Aab gosht translates, less than fecilitously, to water meat. It is more descriptive of Iran’s meat, beans and potato dish than Kashmir’s far more refined lamb cooked in reduced milk, and no! It’s not just my prejudice. Iran’s homely dish is always cooked in a stone pot with a lid. The ones I saw in shops in Shandiz, a hill-station near Mashad that is reminiscent of Pahalgam, were made of a grey stone. All attempts at finding out what stone was used, met with failure. “Marmar,” was the invariable reply, which translates as “Stone”. Lamb, a cannellini-like bean, a few dried peas, a couple of whole potatoes peeled and a dried lime for sourness. I know it looks red, but there’s no trace of chilli in this, or any other Iranian dish I had during my all too brief one week. You eat the gravy mopped up with bits of lavash (identical to Kashmiri lavas) and then scoop up all the solid bits at the bottom of the aab gosht into the pewter bowl in the foreground, and pound it gently with a mallet-like object that restaurants and homes have on hand. You eat the mashed solids with sighs of delight. Unless you have tasted the superior version in Kashmir. In which case, you eat the mashed solids with a poker face.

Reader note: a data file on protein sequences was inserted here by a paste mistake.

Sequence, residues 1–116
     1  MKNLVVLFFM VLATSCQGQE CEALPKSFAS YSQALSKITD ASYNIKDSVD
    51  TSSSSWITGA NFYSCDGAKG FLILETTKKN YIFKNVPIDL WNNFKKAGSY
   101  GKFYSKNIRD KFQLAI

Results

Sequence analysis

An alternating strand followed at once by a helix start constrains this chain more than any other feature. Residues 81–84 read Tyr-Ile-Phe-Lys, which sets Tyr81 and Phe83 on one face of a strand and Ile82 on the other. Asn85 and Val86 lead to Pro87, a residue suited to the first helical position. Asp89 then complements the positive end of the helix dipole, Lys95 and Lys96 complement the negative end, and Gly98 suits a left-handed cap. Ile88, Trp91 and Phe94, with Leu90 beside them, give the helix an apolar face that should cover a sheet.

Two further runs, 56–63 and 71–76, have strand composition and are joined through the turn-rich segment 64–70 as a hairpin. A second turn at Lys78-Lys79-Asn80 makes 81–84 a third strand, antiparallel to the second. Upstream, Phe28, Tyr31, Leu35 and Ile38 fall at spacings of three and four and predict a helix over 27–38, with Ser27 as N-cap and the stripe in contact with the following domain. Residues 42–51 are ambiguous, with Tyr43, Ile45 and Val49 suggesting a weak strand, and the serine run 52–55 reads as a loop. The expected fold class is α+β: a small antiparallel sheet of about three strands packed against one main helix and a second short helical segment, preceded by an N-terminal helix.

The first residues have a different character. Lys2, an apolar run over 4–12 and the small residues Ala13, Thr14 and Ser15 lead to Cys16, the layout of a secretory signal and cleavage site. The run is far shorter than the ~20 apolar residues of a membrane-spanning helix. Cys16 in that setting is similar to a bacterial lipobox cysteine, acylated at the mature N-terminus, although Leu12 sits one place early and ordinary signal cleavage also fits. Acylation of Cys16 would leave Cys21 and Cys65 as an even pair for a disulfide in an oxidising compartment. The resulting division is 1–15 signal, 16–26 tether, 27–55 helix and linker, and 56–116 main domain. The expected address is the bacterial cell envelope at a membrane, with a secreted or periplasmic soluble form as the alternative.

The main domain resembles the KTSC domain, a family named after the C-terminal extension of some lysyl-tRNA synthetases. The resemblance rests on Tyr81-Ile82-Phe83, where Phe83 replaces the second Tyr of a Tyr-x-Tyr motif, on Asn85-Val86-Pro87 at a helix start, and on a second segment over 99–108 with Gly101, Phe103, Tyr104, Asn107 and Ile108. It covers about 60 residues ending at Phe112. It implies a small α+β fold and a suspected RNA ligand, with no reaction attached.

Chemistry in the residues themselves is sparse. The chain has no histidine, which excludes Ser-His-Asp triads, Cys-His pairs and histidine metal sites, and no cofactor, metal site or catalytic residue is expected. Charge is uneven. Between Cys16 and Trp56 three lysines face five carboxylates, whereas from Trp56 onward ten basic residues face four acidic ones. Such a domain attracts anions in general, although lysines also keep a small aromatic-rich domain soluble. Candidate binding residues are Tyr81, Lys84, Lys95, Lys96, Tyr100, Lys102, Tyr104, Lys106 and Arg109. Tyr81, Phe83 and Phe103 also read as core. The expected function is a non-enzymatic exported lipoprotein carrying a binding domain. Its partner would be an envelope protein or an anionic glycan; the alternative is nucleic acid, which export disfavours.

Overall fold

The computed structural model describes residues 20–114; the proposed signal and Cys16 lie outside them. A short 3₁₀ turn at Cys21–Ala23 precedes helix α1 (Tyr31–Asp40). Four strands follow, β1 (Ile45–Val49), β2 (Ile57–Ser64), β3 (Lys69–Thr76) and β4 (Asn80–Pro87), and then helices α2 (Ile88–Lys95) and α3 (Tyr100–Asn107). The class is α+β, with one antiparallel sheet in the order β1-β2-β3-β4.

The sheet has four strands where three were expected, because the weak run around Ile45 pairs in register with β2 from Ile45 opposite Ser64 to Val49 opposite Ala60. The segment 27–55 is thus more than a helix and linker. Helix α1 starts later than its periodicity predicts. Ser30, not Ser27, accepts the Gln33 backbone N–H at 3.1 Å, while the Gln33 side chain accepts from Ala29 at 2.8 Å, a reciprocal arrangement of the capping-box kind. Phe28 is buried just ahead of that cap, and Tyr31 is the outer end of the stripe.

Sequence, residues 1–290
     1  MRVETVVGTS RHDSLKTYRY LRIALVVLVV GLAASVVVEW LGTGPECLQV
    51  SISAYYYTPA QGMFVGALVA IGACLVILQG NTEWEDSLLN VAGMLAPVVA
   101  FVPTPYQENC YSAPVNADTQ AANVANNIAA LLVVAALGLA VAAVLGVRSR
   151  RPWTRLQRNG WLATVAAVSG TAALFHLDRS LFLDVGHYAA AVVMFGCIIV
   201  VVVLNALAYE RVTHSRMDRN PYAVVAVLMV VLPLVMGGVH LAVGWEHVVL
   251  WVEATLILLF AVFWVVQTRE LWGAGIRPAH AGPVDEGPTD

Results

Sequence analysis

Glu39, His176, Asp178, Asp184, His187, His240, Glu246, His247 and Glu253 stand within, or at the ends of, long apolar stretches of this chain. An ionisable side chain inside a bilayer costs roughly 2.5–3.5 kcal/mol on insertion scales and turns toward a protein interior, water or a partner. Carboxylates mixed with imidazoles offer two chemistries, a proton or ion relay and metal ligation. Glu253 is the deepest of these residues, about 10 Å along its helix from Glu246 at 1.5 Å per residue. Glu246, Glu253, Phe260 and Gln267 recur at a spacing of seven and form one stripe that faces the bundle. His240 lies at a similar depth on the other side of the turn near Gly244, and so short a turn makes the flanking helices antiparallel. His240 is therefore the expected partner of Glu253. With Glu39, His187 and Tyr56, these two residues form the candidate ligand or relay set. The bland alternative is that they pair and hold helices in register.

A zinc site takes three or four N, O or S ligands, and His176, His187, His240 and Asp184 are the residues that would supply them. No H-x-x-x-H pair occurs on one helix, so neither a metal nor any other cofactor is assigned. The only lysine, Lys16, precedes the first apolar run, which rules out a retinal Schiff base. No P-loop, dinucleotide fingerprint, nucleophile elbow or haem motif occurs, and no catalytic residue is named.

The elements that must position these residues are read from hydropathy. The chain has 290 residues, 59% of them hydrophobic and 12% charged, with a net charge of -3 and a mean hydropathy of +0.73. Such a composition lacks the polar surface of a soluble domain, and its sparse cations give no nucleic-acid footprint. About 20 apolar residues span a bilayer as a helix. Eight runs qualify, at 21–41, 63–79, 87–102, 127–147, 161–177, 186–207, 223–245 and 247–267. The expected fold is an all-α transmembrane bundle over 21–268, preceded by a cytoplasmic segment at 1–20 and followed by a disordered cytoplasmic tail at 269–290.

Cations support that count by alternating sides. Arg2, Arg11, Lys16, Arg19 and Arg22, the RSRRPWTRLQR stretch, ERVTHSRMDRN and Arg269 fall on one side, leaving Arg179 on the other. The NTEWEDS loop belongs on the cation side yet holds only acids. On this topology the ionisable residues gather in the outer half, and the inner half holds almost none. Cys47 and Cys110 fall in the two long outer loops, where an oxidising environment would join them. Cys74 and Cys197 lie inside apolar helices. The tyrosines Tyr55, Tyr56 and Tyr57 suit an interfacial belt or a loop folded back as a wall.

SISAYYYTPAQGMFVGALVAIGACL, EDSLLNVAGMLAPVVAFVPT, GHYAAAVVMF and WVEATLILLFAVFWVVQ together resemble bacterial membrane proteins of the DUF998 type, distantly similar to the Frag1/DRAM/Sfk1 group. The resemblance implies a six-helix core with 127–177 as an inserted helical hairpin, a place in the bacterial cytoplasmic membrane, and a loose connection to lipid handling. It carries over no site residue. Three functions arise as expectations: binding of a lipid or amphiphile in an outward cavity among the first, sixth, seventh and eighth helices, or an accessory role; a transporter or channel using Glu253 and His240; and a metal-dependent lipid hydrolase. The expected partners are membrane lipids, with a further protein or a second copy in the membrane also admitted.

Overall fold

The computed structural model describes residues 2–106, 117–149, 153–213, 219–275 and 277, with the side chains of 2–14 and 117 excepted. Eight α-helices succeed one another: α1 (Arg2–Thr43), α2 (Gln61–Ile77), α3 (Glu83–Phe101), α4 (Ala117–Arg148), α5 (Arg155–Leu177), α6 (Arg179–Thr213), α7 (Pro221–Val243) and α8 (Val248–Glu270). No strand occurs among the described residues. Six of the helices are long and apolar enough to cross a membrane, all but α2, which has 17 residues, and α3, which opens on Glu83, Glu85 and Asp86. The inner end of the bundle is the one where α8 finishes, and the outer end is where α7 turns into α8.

I’m pretty sure that I saw no fewer than three such domes, all virtually indistinguishable to my (untrained) eye. All three were in Isfahan. The reason why I was so taken with this image was because of a fascinating parallel with Kashmir. First of all, the Dargah at Hazratbal, Srinagar, also has a ‘crown of thorns’ around it, which a Kashmiri poet has immortalized in verse. Indeed, if you are a poet, scaffolding around a dome does look as if it is in pain of some kind. The second parallel is the proximity of the chinar tree. Not to denigrate Iran’s treeline at all, especially because Kashmir’s chinars were reportedly procured from Iran, but the sheer splendour of Kashmir’s chinars, the majesty of their countours, the way they dominate the landscape in most places in Kashmir simply leaves Iran’s chinars in the shade.